The 19% cut to the NIH budget, meanwhile, would kill off a center devoted to connecting U.S.-based health research institutions with global counterparts, and would be a huge hit to scientific and medical research grants.
The proposed cuts at Agriculture are also enormous, slashing $4.7 billion — about 21% — from the agency’s funds. However, the proposal is vague on what, specifically, the USDA should slice and dice in order to make that happen. The “discretionary” spending the budget proposes cutting, however, does include food safety programs — and just from the number of times we’ve seen recalls for listeria and E. coli in the food supply in the past year, cutting back on those programs would probably not have a positive effect for those of us who need to, you know, eat food to live.
4. Planes, trains, and automobiles…
The Department of Transportation is slated for a 13% budget cut in this 2018 proposal.
Among the cuts would be a plan to privatize air traffic control at all the nation’s airports, taking it away from the FAA and putting in the hands of “an independent, non-governmental organization.”
The cuts would also end federal support for Amtrak’s long-distance routes, instead only providing funding for the Northeast Corridor and associated services.
And finally, the budget proposal also cuts funding from the “New Starts” investment program as well as from TIGER grants, both of which provide grants that states and localities can use to help build out mass transit and road infrastructure projects.
5. The budget proposes eliminating another 19 agencies altogether.
That list includes some that are well-known nationally (everyone who watched Sesame Street in the last 40 years has heard of the Corporation for Public Broadcasting), and some that fly a lot more under the radar, or serve a narrower niche than others. It’s a particularly devastating cut to arts and cultural agencies. According to the WaPo, the elimination list includes:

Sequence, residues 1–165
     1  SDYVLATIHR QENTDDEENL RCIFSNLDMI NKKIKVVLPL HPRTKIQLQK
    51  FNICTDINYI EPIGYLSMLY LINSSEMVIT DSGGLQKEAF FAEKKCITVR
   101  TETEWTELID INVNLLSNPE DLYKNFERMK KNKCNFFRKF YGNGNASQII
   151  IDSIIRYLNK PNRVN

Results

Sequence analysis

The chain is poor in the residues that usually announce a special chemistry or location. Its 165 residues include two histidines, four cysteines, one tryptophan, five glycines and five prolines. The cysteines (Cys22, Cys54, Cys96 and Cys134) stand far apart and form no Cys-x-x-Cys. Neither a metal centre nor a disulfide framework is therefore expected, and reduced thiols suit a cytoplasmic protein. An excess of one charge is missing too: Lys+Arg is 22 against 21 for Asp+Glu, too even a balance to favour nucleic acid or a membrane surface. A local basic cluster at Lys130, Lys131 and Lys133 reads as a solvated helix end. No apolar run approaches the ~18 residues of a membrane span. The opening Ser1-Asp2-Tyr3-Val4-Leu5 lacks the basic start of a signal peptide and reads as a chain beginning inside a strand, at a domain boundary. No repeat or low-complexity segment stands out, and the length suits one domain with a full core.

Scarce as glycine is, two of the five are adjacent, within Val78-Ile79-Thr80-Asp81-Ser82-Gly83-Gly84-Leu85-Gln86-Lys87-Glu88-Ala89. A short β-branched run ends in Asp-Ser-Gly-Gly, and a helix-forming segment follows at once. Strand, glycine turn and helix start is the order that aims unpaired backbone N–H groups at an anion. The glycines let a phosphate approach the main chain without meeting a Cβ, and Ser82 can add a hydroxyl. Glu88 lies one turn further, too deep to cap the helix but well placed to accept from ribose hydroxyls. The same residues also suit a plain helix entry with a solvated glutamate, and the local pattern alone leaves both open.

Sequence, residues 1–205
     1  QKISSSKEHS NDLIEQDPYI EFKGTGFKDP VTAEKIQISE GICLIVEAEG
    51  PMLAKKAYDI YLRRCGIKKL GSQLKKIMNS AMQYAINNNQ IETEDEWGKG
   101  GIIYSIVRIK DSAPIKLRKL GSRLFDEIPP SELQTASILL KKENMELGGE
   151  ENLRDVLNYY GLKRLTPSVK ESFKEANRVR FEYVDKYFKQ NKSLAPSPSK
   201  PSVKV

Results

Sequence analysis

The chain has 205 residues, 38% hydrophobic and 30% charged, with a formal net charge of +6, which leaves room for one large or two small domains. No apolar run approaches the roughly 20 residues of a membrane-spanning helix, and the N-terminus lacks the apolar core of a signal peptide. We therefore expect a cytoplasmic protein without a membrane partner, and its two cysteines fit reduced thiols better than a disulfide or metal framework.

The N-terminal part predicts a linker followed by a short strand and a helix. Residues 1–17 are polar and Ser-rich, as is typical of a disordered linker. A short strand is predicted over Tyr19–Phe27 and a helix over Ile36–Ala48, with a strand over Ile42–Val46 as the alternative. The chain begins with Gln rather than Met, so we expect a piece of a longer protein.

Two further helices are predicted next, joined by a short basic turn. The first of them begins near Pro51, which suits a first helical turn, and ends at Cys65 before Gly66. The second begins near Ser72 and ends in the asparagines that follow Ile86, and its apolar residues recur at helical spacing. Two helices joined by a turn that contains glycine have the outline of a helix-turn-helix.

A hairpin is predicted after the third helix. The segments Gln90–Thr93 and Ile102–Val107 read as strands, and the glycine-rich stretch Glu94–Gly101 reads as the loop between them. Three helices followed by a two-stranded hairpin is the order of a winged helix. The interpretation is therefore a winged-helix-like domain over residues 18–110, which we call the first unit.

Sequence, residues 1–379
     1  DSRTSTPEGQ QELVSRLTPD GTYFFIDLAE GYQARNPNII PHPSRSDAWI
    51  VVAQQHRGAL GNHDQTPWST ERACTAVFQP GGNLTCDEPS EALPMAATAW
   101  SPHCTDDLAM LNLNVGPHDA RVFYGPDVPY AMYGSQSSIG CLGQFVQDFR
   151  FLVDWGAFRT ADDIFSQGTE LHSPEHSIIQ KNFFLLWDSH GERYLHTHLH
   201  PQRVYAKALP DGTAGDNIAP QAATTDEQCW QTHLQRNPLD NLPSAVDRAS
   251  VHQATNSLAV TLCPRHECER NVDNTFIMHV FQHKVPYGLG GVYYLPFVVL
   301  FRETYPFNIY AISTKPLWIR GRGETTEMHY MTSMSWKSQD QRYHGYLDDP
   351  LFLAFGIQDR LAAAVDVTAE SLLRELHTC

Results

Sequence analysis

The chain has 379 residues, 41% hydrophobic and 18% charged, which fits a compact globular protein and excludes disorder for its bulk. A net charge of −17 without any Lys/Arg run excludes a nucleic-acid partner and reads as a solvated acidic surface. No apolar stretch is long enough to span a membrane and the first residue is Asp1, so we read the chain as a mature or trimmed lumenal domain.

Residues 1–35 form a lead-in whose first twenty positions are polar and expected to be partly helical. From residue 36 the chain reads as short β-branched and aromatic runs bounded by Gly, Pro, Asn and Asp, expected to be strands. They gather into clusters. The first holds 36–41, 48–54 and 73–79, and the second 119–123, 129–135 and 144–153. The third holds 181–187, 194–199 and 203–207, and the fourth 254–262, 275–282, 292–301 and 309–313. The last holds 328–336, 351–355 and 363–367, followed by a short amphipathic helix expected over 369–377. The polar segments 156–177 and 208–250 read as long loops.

- African Development Foundation
- Appalachian Regional Commission
- Chemical Safety Board
- Corporation for National and Community Service
- Corporation for Public Broadcasting
- Delta Regional Authority
- Denali Commission
- Institute of Museum and Library Services
- Inter-American Foundation
- U.S. Trade and Development Agency
- Legal Services Corporation
- National Endowment for the Arts
- National Endowment for the Humanities
- Neighborhood Reinvestment Corporation
- Northern Border Regional Commission
- Overseas Private Investment Corporation
- U.S. Institute of Peace
- U.S. Interagency Council on Homelessness
- Woodrow Wilson International Center for Scholars
There are also big cuts proposed at other top-level agencies, including the Departments of Housing and Urban Development (13%), Education (14%) and Labor (21%).
6. This is in no way the final budget. In fact, it’s probably not even close.
Basically, any White House’s proposed budget is more of a wish list than an actual set of law. It tells you what the Administration’s priorities are, but not where the money is actually going to go.
For one thing, the proposal released today was just the short version — that’s why it’s called the “skinny” budget. The “fat” budget, with the full detailed proposals, isn’t due out until May.
For another thing, Congress can basically ignore as much of it as they want to, up to and including “the whole thing.” In 2016, for example, Congress completely ignored the entire 2017 budget proposed by the Obama Administration.
To say that Congress is currently sharply politically divided is a, “water is moist” level of understatement. What will happen with the 2018 budget in Congress is, at this point, anyone’s guess.